A No win in the independence poll would not definitively settle the constitutional position, argues Gregor Gall
Ever since the launch of the Yes Scotland campaign in May 2012, the proportion of voters indicating they will vote Yes has doggedly remained at around a third. And, the “movable middle”, hovering between committed Yes and No voters, has shown little sign of going the way of theYes campaign.
In other words, a No vote is the most likely outcome on 18 September, 2014. Does this mean the best the Yes campaign can achieve is a “neverendum”?
The neverendum is a scenario whereby the question of the constitutional position is never definitively settled despite a No vote next year.
Unlike devolution being the “settled will”, as Donald Dewar described it in 1999, the proportion in favour of independence – while a minority – would be sufficiently large as to keep the prospect of another referendum alive. By contrast, a resounding victory for the No campaign would see a situation of a high voter turnout where the Yes vote was less than a third and the No vote was more than two thirds.
For the neverendum to be possible, not only must this outcome be avoided, but the Yes vote must move upwards from its current third of support to around the 40 per cent mark by either gaining many of the current “undecided” voters and/or making incursions into the No vote.
While necessary, in itself this would not be sufficient to make the prospect of a neverendum a realisable one. The next most vital component for such is, despite losing the referendum, the SNP wins a working majority in the 2016 and 2020 Scottish parliament elections and is able in the legislative and political arenas to press for another referendum.
Current polling evidence suggests an SNP government in 2016 is more than possible, even if it seems counter-intuitive. The main reason for this is that support for independence has never been synonymous with support for the SNP, especially when considerable numbers of SNP voters do not favour independence and desire continued and enhanced devolution.
Moreover, the SNP in government has shown itself to be more than competent, yet to be landed with anything like fatal blows from either Labour or Liberal Democrats. And, as a party, the SNP has shown what some called “maturity” – in others words, it has not been prone to splits and infighting like some others.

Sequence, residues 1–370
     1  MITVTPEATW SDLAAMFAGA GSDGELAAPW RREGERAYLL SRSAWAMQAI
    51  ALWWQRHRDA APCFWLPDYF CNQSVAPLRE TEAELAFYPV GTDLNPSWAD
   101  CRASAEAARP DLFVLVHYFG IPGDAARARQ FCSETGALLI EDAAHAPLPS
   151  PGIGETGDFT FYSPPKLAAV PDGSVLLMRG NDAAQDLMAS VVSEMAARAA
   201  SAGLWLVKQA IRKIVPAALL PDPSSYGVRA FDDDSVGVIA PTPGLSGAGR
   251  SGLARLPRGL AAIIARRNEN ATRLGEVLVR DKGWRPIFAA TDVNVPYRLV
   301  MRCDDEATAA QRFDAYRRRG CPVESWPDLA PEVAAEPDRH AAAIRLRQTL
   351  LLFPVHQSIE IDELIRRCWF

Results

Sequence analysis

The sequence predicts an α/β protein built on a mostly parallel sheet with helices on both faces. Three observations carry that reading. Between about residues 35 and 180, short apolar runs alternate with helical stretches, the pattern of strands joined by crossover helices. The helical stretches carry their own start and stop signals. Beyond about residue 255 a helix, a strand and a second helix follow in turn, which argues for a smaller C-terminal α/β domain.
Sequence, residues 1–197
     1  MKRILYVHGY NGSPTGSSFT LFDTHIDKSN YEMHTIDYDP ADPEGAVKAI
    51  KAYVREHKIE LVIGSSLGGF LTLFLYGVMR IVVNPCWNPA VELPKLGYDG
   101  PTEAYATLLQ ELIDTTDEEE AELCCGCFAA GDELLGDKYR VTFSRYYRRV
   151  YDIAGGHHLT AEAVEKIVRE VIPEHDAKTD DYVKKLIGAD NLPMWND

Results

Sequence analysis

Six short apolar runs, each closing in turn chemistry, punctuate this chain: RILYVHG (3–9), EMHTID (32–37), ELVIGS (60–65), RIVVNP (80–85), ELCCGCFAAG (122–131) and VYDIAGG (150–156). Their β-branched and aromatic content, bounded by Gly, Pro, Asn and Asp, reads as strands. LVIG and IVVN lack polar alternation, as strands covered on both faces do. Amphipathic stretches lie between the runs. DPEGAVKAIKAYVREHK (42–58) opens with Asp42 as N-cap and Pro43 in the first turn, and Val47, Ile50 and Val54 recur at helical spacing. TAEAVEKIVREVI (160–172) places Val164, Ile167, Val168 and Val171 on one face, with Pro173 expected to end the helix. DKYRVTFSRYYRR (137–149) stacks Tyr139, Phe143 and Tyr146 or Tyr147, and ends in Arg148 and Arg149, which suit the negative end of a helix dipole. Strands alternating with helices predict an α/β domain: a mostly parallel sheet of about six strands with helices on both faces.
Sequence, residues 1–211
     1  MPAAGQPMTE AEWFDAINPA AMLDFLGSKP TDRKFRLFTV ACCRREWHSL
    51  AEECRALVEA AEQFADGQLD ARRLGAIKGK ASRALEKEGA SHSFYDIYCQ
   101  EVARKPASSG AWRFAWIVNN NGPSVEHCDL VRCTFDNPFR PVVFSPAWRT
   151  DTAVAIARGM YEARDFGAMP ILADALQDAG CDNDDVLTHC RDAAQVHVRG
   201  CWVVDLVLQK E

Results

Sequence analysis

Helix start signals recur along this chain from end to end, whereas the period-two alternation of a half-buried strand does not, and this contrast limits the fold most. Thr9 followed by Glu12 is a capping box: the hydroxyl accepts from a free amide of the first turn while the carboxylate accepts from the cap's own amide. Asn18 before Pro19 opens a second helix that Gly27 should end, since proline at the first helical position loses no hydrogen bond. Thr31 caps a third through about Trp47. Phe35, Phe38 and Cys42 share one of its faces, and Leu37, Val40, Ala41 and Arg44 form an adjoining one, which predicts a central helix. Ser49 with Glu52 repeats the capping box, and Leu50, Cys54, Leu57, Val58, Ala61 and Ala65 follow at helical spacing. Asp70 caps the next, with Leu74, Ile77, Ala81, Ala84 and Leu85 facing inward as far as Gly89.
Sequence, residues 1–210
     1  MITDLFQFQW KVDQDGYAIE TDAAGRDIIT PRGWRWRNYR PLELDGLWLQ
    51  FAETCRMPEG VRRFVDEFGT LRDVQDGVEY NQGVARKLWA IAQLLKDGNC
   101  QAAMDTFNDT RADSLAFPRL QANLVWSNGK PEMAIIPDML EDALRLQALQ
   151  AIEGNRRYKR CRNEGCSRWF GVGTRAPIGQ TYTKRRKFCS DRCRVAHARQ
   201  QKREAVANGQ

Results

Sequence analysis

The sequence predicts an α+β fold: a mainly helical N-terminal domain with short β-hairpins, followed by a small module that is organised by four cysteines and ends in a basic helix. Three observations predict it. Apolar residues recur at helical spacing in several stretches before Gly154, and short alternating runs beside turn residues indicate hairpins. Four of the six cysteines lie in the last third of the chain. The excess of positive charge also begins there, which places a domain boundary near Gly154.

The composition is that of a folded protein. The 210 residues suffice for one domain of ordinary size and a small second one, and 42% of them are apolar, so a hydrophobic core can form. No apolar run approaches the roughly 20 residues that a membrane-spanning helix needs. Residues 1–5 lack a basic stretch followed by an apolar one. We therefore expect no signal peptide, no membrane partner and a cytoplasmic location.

Sure, it will take an SNP leader with considerable dexterity to exist in a situation of losing the referendum, being returned to government and keeping the flame of having another go at winning independence alive. But it is possible. Whether it is probable will depend upon factors that are largely outside the control of the SNP.
First up is the attitude towards devolution by the unionist parties in the post-2015 general election period. Although Labour, Lib Dems and Tories in Scotland have for some time supported further devolution, questions remain over the strength of this commitment. Most obviously, is it merely something being contemplated because there is a referendum and, even more importantly, what do their effective parents in London say?
As the Westminster general election takes place before the Scottish elections, it seems to indicate – in the context of a No vote – that the unionist parties in London (and not Edinburgh) will have the upper hand in setting the agenda for any devo max or devo plus. The reverse would be true if the Holyrood elections preceded the Westminster ones.
A Conservative victory in 2015 would seal off the prospect of substantial enhanced devolution whereas a victory by Labour might not. The point here is that if the popular demand for enhanced devolution is not met or the experience of enhanced devolution is not satisfying, the arguments for independence (via another referendum) will have more purchase.
Clearly, the best scenario for a neverendum is the kind of pig-headed bullishness amongst the London-based unionist parties that declares a No vote killed independence “stone dead” (to play on George Robertson’s memorable view of devolution in 1995) and so no further devolution is then required.
But second up is what state the forces for independence will be in after a defeat. There is more than ample room for battle fatigue, burnout, demoralisation, and even recrimination amongst activists and professional workers. And, the big beast figure of Alex Salmond will have departed the battlefield (or at least its frontline).
With the SNP under Salmond having taken independence to its closest point of reach so far, yet still failing, their strategy of cautiousness and conservatism will clearly be subject to an intense post-mortem. The most obvious conclusion to be drawn will be that maintaining the monetary union, monarchy and the like abjectly did not give voters a sense of how a new Scotland could be different from the old. Consequently, the compulsion to vote Yes was not sufficiently strong.
Post-vote introspection may set off a civil war not so much between SNP fundamentalists and gradualists but between its more clearly defined right and left wings. And, the SNP’s growing membership would take a big hit.
How long it would be before another referendum could take place will affect these factors. The longer it takes, the harder it will be to maintain momentum and gird the loins again. Having another referendum too soon would be decried as sour grapes by opponents. These are experiences Quebec went through after its first referendum in 1980 and second one in 1995.
• Gregor Gall is professor of industrial relations at the University of Bradford and a resident of Edinburgh
The Scotsman Conferences is hosting a series of events capturing the many facets of the Scottish independence debate. 3 December sees a formidable line up of expert speakers tackle “The Independence White Paper: A Business Plan for Scotland?” For more details on this and other great events please visit www.scotsmanconferences.com